Build system idea

Duncan Coutts duncan.coutts at
Thu Sep 4 16:30:15 EDT 2008

On Thu, 2008-09-04 at 09:59 -0700, Iavor Diatchki wrote:
> Hi,
> On Thu, Aug 28, 2008 at 6:59 AM, Simon Marlow <marlowsd at> wrote:
> > Because if you *can* use Cabal, you get a lot of value-adds for free (distro
> > packages, cabal-install, Haddock, source distributions, Hackage). What's
> > more, it's really cheap to use Cabal: a .cabal file is typically less than a
> > screenful, so it's no big deal to switch to something else later if you need
> > to.
> Well, I think this illustrates the current thinking of the Haskell
> community, where emphasis has been on making things either easy to do,
> or really hard/impossible to do (a kind of Mac approach to software
> development! :-).  It has the benefit that it makes things seem really
> easy occasionally, but is it really honest?  Concretely:
> cabal-install: it does not work well with packages that have flags
> because it does not know what flags to use when building dependencies.
>  Really, packages with conditionals are different packages in one
> cabal file.

Packages are not supposed to expose different APIs with different flags
so I don't think that's right. Under that assumption cabal-install can
in principle resolve everything fine. I'm not claiming the current
resolution algorithm is very clever when it comes to picking flags
(though it should always pick ones that give an overall valid solution)
but there is certainly scope for a cleverer one. Also, the user can
always specify what features they want, which is what systems like
Gentoo do.

Do you have any specific test cases where the current algorithm is less
than ideal? It'd be useful to report those for the next time someone
hacks on the resolver.

> Haddock:  something seems wrong, if I need to use a specific build
> system to document my code!

You certainly do not need to use Cabal to use haddock. There are other
build systems that integrate support for haddock (eg just makefiles).

> source distributions:  cabal is really of very little help here as one
> has to enumerate everything that should be in the distribution.

I think really in the end that the content does need to be specified.
You can get quite a long way with inferring or discovering dependencies.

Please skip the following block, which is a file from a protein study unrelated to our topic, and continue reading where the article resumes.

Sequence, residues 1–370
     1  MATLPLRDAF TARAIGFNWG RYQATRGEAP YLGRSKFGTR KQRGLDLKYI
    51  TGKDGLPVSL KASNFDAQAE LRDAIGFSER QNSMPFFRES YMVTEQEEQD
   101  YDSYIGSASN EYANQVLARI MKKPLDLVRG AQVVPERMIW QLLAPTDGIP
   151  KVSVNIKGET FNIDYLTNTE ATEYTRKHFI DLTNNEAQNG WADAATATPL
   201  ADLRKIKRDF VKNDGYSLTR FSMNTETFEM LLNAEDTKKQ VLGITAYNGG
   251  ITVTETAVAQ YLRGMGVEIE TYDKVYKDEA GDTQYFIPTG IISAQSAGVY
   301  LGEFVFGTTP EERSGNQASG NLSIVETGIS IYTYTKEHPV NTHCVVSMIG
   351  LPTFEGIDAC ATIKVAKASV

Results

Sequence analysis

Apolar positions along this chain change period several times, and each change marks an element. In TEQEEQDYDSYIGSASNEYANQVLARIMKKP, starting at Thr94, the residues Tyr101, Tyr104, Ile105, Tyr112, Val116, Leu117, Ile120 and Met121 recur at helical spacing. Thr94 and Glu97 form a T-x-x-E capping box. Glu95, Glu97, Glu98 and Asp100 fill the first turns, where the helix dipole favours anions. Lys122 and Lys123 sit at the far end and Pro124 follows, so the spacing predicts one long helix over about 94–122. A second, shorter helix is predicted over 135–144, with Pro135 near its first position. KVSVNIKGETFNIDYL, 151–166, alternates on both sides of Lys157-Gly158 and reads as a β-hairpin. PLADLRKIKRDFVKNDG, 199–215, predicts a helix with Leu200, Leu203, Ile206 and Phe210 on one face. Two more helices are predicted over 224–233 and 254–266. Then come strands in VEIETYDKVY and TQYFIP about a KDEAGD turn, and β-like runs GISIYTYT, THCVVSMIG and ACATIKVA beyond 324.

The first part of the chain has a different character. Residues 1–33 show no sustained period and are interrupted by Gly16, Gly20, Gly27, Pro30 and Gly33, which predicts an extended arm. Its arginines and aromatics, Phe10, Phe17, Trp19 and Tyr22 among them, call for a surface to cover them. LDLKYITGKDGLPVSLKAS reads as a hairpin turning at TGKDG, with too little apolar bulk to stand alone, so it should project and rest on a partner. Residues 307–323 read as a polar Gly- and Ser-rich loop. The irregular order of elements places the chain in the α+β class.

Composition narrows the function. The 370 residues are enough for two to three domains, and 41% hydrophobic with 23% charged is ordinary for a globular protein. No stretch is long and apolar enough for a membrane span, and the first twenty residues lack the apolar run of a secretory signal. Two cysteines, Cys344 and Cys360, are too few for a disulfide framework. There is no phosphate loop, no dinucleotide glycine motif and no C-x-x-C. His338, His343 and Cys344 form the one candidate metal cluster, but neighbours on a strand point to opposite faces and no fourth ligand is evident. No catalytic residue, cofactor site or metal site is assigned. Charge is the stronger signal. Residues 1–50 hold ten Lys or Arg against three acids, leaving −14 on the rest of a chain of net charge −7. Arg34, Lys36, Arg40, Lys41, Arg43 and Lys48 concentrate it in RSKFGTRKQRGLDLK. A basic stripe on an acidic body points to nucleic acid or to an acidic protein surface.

Indeed it can work for build, but for source dist you need all the
files, not just the ones used in this current build, so things like:

#ifdef FOO
import Foo
import Bar

mean that if we cpp and then chase imports then we're stuffed, we'll
miss one or the other. Trying to discover the deps before cpp is a lost
cause becuase it's not just cpp to think about, there's all the other
pre-processors, standard and custom.

You can get your source control system to do your sdist, eg darcs can do
that. It's great but not necessarily what you always want if you want to
have files that live in your devel repo that are not included in the
source tarball. Also if you want pre-processed files in the tarball it
needs some help from the build system.

> Hackage:  Again, something is wrong if I should have to use a specific
> build system to distribute my code.

No, you only need to make a Cabal package. You can choose whatever build
system you like so long as it presents that standard external command
interface and metadata.

I guess the fact that very few packages do use any build system other
than the "Simple" build system does give the misleading impression that
it's the only choice.

> distro-packages: I have not used these, but the only ones that I have
> heard about are Don's Arch packages, which are not binary packages, so
> there the problem is a bit simpler (still nice that it works though).

Don has done very well recently and generated a lot of excellent
publicity. There are also disto packages maintained for Debian, Fedora,
Gentoo, FreeBSD which have been around for years.

I think Arch packages are binary packages, as are the Debian and Fedora
ones. The FreeBSD, MacPorts and Gentoo packages are of course source

> In summary, it seems to me that there are two or three components that
> are tangled in the term "cabal":
> 1) a machine readable format for describing the meta-data associated
> with a package/application (+ a library that can process this meta
> data).

1a) a standard interface for users and package managers to configure,
build and install a package which can be implemented by multiple build
systems including autoconf+make.

> 2) a build tool that has support for interacting with Haskell
> compilers and other tools that it knows about, to build a package.

Right, a particular implementation of that interface with a bunch of
extra features.

> It seems to me that most of the benefits of cabal come from (1), and
> for most "simple" cases, (2) is just a way to avoid writing a
> completely mundane Makefile, while for more complex cases (2)
> basically doesn't work.

I'm not sure the makefiles were completely mundane, I'd more describe
them as gnarly. :-) I would not underestimate the advantage for simple
projects of not having to re-implement a build system. Being able to use
a standard one and inherit new features and fixes for free is quite and
advantage. There's also the issue of portability. For many packages the
only thing preventing them from working on Windows was the use of make.

Certainly, the Simple build system is not yet up to the task of building
our most complex packages and will require some major surgery before we
get near that. It is something we're working on, though perhaps not
directly inside the current Cabal code base. Saizan's GSoC project was
step 1 in that direction. As I mentioned elsewhere we should also take a
step back and see what we need for Cabal-2, to think about what kind of
design might scale.


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